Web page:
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Cartoon

  Cartoon

“Drawings done with the intention of later expanding them into full-sized frescoes were called cartoons; Artimus believed that the fragile, discolored sheet which he held in his hands was just such a document. More, he believed that the Rousseau and Vincent alluded to in the scribblings on the reverse side of the vellum were in fact the landscape artist Theodore Rousseau, and the mad master Expressionist, Vincent van Gogh. The cartoon itself, he believed, had been drawn by a contemporary of Rousseau’s, Jean-François Millet, and consequently became known, if somewhat inaccurately, as The Millet Fresco.”

    — James A. Owen, The Barbizon Diaries, p. 4

The image above is a scan of my own rendition of the fresco sketch, or cartoon, from the description in the Prologue of The Barbizon Diaries.

The cartoon’s scale shows a fresco 15 feet high by 36 feet wide. I wanted to impress the size and proportion on my mind so, were I to pass by it, I might recognize a surface that could take a painting so large. A quick outline on graph paper was enough. But I couldn’t pass up the opportunity to recreate an artifact.

I didn’t have any charcoal handy. Instead, I used a blunt 9B graphite pencil with indiscriminate smudges. I imagined only hints of a scene that Millet and company might have come up with. The vellum I aged the old-fashioned way: with coffee. Some campaigners soak their ancient maps and documents in black tea to get the look of antiquity. I prefer the richer tones of arabica.


Owen, James A., The Barbizon Diaries: A Meditation on Will, Purpose, and the Value Of Stories (The Meditations Book 2). Coppervale Press, 2016.

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Dust on Rodopos

The car rental manager in Rethymno, Crete: “What’s the problem?”

“A slow leak in the left rear tire,” I said. “I have to put air in it every morning.”

A thick layer of dust covered the car. He gave it the once over, hands on hips.

“Where have you been?”

In light of the present problem, I didn’t want to admit that I’d driven the compact to the furthest reach of a gravelly, pot-holed two-track at the end of Rodopos Peninsula.

“I’ve been all over your wonderful island.”

That was at least the truth. Although I hadn’t done it all during this latest trip.

He nodded at the rear window, opaque with dust. “Do you see anything?”

“I never look back!”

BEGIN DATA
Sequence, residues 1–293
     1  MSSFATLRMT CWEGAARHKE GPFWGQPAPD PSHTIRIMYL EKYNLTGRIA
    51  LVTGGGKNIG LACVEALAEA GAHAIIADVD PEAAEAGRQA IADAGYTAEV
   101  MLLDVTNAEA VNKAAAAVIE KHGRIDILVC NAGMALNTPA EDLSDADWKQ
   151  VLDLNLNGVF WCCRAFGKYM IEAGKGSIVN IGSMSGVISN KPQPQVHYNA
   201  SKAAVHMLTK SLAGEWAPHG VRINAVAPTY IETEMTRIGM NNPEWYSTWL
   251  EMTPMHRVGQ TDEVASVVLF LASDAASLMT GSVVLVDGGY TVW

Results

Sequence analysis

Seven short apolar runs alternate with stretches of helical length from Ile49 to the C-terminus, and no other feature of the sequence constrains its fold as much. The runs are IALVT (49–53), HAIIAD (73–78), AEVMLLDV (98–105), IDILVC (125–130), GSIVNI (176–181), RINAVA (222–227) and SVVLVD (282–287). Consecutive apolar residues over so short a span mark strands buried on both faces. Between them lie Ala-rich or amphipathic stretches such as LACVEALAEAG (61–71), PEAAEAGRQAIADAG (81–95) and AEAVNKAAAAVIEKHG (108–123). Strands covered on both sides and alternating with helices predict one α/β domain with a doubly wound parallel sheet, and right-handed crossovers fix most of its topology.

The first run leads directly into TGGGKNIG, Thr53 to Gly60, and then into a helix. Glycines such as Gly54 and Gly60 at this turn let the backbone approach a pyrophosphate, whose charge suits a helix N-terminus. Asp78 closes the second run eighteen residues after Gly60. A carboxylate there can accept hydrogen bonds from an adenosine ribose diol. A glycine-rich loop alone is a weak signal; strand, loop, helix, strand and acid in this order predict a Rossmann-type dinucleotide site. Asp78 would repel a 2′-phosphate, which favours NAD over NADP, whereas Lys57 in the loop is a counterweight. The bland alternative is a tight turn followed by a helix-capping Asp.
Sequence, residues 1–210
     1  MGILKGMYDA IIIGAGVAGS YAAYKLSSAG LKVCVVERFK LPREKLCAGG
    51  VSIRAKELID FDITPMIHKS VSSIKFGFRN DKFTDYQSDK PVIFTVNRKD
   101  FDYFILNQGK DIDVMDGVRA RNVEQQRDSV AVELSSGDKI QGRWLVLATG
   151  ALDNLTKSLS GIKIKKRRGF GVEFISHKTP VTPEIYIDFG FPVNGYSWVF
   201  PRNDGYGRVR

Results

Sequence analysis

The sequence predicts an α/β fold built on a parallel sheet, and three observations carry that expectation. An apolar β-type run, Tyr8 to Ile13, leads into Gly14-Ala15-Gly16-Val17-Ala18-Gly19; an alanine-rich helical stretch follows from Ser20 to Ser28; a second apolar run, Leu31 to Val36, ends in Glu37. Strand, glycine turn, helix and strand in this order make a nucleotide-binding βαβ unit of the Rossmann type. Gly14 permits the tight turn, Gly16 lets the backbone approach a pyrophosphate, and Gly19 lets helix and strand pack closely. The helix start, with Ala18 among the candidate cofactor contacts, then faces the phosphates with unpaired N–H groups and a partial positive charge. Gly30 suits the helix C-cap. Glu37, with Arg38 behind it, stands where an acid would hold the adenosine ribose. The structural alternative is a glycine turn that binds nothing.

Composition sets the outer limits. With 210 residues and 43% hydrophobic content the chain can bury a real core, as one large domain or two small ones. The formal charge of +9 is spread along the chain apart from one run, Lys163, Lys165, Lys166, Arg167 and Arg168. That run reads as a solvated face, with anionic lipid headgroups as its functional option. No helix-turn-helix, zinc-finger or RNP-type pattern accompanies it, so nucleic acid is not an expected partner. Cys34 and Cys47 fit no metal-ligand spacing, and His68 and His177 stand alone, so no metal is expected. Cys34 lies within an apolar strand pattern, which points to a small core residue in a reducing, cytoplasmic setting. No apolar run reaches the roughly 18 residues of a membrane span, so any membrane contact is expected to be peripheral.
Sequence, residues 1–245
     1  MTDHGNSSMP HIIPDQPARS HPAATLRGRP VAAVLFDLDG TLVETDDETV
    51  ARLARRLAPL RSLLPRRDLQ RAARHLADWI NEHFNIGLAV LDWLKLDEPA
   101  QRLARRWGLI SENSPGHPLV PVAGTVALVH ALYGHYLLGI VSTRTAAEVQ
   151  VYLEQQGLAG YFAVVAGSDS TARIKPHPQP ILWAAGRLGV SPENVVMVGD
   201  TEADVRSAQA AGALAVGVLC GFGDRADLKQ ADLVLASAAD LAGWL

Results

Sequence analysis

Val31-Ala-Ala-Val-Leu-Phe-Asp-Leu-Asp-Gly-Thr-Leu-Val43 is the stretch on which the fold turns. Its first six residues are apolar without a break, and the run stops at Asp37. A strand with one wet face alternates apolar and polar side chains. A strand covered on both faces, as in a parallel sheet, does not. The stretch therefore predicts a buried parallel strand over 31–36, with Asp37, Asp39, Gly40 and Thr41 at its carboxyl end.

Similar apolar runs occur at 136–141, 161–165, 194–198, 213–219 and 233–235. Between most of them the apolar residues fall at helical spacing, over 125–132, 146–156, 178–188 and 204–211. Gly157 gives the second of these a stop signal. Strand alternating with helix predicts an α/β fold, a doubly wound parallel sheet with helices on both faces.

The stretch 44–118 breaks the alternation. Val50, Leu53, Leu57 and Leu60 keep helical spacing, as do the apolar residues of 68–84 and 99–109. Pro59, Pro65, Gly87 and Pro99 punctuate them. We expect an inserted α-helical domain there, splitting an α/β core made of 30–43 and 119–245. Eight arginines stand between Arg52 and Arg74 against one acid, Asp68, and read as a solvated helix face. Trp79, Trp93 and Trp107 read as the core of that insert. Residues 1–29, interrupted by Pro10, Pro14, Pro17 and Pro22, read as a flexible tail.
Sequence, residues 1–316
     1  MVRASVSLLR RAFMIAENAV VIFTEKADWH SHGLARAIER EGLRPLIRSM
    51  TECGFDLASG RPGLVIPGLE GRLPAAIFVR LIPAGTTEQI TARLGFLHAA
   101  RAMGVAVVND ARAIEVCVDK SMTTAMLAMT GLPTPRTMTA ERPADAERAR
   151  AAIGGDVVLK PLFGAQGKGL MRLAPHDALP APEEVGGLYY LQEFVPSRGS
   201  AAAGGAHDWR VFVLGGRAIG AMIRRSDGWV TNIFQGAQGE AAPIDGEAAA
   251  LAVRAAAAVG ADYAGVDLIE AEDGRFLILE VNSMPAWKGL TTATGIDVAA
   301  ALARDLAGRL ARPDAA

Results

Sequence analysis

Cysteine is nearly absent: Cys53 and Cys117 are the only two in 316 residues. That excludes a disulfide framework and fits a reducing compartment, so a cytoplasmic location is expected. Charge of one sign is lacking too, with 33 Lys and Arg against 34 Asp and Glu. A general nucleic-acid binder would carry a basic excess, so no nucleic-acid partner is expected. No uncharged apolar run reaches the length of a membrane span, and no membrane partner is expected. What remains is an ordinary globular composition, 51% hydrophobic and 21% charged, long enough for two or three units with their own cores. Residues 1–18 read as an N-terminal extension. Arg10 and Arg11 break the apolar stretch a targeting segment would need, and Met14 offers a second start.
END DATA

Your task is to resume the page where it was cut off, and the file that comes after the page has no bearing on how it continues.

Zovigli
Zovigli peak, elevation: 1214 ft (370 m) at Akrotiri Spanda, the northern-most point of Rodopos Peninsula, Crete

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Itinerary

“[Millet] is a laborer who loves his field — plows, sows, and reaps it. His field is art. His inspiration is life, is nature — which he loved with all his strength.”

    — Alfred Sensier, friend and biographer* of Jean-François Millet


Barbizon is only a half-hour drive south of base camp. However, I’d like to get a better idea about the artist who allegedly made the fresco sketch. Some research reveals the waypoints along the journey to Barbizon. 

Gruchy

La maison au puits a gruchy
La maison au puits à Gruchy, painting by Jean-François Millet

Jean-François Millet was a native of Gruchy, a hamlet of Gréville in Normandy. He lived and worked on the family farm to adulthood. The pastoral scenes of his youth would later serve as inspiration for his most famous paintings.

Cherbourg

Encouraged by his father at age 20, Millet left home to study painting in neighboring Cherbourg. An art museum had just opened in that town. Millet often went there to copy the works of the master painters as part of his studies. Today, the Thomas Henry Museum holds the third largest collection of Millet paintings.

Paris

During three years at Cherbourg, Millet made such an impression on the community that they gave him a stipend to study in Paris. At L’école de Baux Arts (school of fine arts), Millet studied under Paul Delarouche. Later, he also had his own studio in the city. I’ll try to find it.

Barbizon, Le village des peintres

Self-portrait Jean-François Millet
Self-portrait, Jean-François Millet

Whether it was the third French revolution of 1848, an outbreak of cholera in the city, the general urban atmosphere or a combination there of, in 1849 Millet took his family to a village of woodcutters on the edge of the Forest of Fontainebleau. By the end of the century it would be known as “the village of painters.”